Ancient and Modern

On the right is 1888 vintage Webb ‘Coal Tank’ No.1054 and on the left, 1951 vintage Riddles Britannia Class Pacific No.70013 Oliver Cromwell. Several years ago now, I wrote an article, for Heritage Railway magazine, about the Britannias, ‘The Last Pacifics’. On test, on the S&C, they proved capable of hauling prodigious loads and producing steam at phenomenal rates, using two firemen and top grade hard coal. I remember a quote from some footplate wag, when talking about building bigger engines, along the lines of, ‘they don’t build bigger men to fire them though.’

Unfortunately I never had the opportunity to fire a ‘Brit’ but, I did fire on all the Merchant Navies, a very high percentage of the WC / B-o-Bs, and even did a round trip Waterloo – Exeter, with an enthusiast special, so I know what it takes to keep a beast like this steaming, over long periods of time. However, we all started like the young lad leaning from the cab of No.1054, firing on a little tank engine; and at some rural depots or sub-sheds you might never work on anything bigger. The trade off was that these guys went home to their own beds, whilst the crews on the big Pacifics would be spending half a week sleeping in the railway lodging houses, and not just the crews on the Pacifics, long distance freight workings could also be lodging turns.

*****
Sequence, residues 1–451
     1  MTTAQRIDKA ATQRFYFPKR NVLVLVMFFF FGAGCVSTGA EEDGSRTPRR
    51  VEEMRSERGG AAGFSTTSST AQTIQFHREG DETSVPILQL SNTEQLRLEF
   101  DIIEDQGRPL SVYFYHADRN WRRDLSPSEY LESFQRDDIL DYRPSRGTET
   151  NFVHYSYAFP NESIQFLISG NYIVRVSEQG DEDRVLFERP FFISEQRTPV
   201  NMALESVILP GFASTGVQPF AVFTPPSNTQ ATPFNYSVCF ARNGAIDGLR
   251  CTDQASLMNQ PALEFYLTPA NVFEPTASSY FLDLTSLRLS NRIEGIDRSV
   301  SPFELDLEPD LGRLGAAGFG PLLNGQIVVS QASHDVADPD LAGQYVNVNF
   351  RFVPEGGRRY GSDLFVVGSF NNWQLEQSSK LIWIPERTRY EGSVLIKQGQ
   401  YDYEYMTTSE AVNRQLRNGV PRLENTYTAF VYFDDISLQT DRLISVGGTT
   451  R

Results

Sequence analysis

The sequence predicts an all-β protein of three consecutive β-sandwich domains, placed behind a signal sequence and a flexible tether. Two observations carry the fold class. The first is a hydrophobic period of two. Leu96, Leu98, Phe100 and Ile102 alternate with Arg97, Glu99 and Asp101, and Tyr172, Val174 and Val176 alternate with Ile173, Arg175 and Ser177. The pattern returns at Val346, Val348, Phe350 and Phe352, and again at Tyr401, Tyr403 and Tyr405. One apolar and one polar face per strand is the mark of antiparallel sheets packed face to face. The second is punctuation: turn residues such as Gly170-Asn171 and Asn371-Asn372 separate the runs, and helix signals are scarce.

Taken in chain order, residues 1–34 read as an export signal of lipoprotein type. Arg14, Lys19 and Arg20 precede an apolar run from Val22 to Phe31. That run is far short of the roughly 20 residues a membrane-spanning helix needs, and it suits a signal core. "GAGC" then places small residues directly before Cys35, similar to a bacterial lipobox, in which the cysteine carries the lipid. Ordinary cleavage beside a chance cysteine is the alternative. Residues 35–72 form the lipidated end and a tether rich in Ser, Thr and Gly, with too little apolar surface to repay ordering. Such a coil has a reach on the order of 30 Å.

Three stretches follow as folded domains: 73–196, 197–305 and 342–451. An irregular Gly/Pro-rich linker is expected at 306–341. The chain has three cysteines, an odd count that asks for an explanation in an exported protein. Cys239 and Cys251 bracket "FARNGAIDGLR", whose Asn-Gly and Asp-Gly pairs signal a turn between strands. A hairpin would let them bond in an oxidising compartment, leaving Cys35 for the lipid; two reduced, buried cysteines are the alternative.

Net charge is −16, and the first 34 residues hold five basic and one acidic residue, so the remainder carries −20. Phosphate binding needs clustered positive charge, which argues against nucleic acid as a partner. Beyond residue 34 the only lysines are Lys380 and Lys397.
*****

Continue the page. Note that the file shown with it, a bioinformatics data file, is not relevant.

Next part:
The lodging houses themselves varied enormously, for best part of a year I lived in the one at Old Oak Common, 24 hour canteen, snooker tables, nice little rooms, room cleaning service, all mod cons. Others were little better than a camp bed in a cubicle, and living in them would have been a prison sentence. When lodging turns were re-introduced in the 1990s, the crew were booked into hotel accomodation. A slightly more modern approach than a wooden cubicle with a curtain across the entrance and a camp type bed to sleep on.

If you have enjoyed my blogs – I have written a book about my 60 years involvement with railways, from trainspotter, via steam age footplateman, to railway author and photographer, this is a link to it:

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